You’ve probably heard the saying “the early bird catches the worm,” or the idiom “be up with the lark.” In other words, there may be some benefits to waking up at the crack of dawn. But what about those of us that, unlike morning larks, prefer to wake up later and go to sleep later – the night owls? This tendency and preference to optimally function at a certain time of the day is known as a chronotype. Although you may have only heard of morning larks and night owls, there may actually be more than 2 chronotypes. In fact, Russian researchers from RUDN University claim to have identified up to 6 different chronotypes. In addition to morning and evening types, they identified highly active types, moderately active types, daytime sleepy types, and daytime types.
The Notorious 4 AM Risers – Defying Genes?
A number of CEOs and people in positions of power have even touted the benefits of “extreme” early types – the famous 4 AM risers, as it were. For example, Apple CEO Tim Cook claims to rise before 4 AM, Fiat Chrysler CEO Sergio Marchionne wakes at 3:30 AM, and former President Donald Trump once claimed to be up by 5 am while only sleeping 4-5 hours. Even Benjamin Franklin once said, “Early to bed and early to rise, makes a man healthy, wealthy, and wise.” With so many people in positions of power hyping the supposed benefits of extreme early rising, you may forget that most people are not in fact biologically primed to wake up so early. In fact, your chronotype is heavily influenced by your genetic predisposition.
A study by genetics company 23andMe published in the journal Nature Communications identified 15 genetic variants that increased a person’s chance of being a morning person by between 5 and 25 percent. Age and gender significantly influenced the likelihood of being a morning lark; 48 percent of women were more likely to be early risers compared to just 39 percent of men. Older adults were also more likely to be early risers; 63 percent of people over the age of 60 were more likely to be early risers, compared to just 24 percent of people under the age of 30.
How Rare Are Early Risers?
Another study published in the journal SLEEP found that the prevalence of advanced sleep phase disorder – characterized by a sleep schedule that is significantly earlier than societal norms – is conservatively found in less than 1 percent of people (specifically 1 in every 300 patients, according to the study). It’s important to remember that those with advanced sleep phase disorder are still likely to get the recommended amount of sleep per night and begin sleeping from between 6 PM to 9 PM, and wake up between 2 AM to 5 AM. The famous “4 am risers” are, statistically, highly unlikely to be one of the 0.3% of people who advanced sleep phase. Their early wake time may therefore be limiting their ability to get the recommended minimum of 7 hours of sleep per night.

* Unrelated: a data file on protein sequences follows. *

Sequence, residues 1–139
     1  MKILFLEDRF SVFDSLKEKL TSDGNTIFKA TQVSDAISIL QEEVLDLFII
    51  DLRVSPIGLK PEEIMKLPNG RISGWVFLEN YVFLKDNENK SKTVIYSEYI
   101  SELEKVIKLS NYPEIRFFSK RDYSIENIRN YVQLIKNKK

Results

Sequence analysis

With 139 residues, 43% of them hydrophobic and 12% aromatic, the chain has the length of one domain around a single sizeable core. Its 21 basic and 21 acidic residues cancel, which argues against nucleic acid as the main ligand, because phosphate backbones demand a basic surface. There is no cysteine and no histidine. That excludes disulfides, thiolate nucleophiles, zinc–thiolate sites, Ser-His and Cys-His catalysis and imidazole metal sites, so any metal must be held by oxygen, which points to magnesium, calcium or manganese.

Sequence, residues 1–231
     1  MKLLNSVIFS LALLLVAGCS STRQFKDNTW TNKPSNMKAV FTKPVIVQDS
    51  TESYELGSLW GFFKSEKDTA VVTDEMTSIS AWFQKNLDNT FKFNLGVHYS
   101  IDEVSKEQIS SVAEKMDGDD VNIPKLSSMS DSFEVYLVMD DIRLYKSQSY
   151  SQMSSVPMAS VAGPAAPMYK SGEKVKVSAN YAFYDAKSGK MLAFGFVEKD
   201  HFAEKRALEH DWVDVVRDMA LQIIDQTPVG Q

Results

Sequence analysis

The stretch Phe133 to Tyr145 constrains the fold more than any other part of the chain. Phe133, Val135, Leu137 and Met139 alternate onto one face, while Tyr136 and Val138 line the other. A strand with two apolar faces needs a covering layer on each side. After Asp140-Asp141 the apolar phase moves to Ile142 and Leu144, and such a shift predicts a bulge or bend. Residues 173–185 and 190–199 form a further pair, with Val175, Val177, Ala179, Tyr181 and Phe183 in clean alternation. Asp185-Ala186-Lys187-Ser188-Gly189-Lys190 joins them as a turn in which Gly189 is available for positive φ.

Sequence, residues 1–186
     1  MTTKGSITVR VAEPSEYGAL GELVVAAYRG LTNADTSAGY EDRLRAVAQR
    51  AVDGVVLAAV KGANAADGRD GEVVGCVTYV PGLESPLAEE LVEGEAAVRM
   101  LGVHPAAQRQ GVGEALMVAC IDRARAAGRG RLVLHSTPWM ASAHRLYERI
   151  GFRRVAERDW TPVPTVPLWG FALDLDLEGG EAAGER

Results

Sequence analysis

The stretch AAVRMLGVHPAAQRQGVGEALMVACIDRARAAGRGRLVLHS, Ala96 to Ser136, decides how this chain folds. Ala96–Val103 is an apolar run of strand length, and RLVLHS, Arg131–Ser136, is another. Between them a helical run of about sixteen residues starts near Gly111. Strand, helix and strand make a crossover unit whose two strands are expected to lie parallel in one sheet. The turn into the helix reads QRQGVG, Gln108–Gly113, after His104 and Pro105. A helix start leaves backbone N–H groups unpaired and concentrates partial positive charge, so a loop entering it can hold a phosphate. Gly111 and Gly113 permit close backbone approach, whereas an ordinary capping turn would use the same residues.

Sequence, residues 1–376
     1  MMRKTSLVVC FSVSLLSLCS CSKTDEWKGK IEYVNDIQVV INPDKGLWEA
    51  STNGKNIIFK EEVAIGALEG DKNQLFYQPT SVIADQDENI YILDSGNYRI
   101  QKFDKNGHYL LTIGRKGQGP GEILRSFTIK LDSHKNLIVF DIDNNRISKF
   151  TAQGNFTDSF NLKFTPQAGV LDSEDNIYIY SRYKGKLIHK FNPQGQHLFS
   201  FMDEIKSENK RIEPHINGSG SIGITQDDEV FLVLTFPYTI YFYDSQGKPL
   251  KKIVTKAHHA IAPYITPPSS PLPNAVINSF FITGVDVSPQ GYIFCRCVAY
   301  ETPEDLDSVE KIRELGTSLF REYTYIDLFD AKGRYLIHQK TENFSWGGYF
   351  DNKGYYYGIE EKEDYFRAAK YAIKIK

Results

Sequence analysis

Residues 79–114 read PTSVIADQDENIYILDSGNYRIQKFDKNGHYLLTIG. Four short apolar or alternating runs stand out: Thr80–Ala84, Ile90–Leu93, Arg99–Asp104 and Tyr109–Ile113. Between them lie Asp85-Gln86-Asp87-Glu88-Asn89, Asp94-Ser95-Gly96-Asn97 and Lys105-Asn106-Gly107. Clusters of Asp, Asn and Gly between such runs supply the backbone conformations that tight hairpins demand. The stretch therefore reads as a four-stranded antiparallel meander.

Should I Wake Up Extremely Early?
Most people have “intermediate” chronotypes – they tend to function optimally when they don’t fall asleep too late or wake up too early. If you’re thinking about blindly waking up at 5 AM to be productive, think otherwise. Although the typical 9-5 workday may favor early birds, lean into your natural chronotype and seek flexible work arrangements that help you get the most out of your day. For example, if you consider yourself a night owl and think you’re most productive when allowed to sleep in and work late, be sure to check out the advocacy groups such as B-Society that are fighting for chronotype equality. According to B-Society, their mission is “to increase quality of life and productivity of late risers by creating later starting times in schools and workplaces.”
For many of us, waking up 4 AM may be miserable. Every major organ in the body has its own circadian rhythm, and forcing a shift by 2 or more hours may severely impact their functioning and even causing a kind of perpetual jet lag. Couple this shift with a reduction in total sleep time that may come from enforcing an unnatural wake time, and you may find yourself in a living nightmare! For others, waking up early gives you a head start to your day and allows you to function at your peak performance. Remember that the best time to wake up and go to bed depends on your own individual chronotype, your age, gender, and even your personal preference.
Tips for Waking Up Early
No matter your chronotype, you can support your sleep-wake patterns by following sleep hygiene tips (check out 10 sleep hygiene tips here). If you’re still fixed on waking up earlier than usual, set realistic expectations and start by gradually changing your bedtime and wake-up time. For example, if you’re used to waking up at 8 AM, start by setting the alarm 15 minutes earlier than usual for 7:45 AM. You can continue to shift your bedtime, too. Once you get acclimated, you can continue to push your alarm clock forward by another 15 minutes until you reach your desired wake-up time. But, if you feel a major dip in productivity or mood during the day, listen to your chronotype, and don’t be afraid to revert back to your original schedule!
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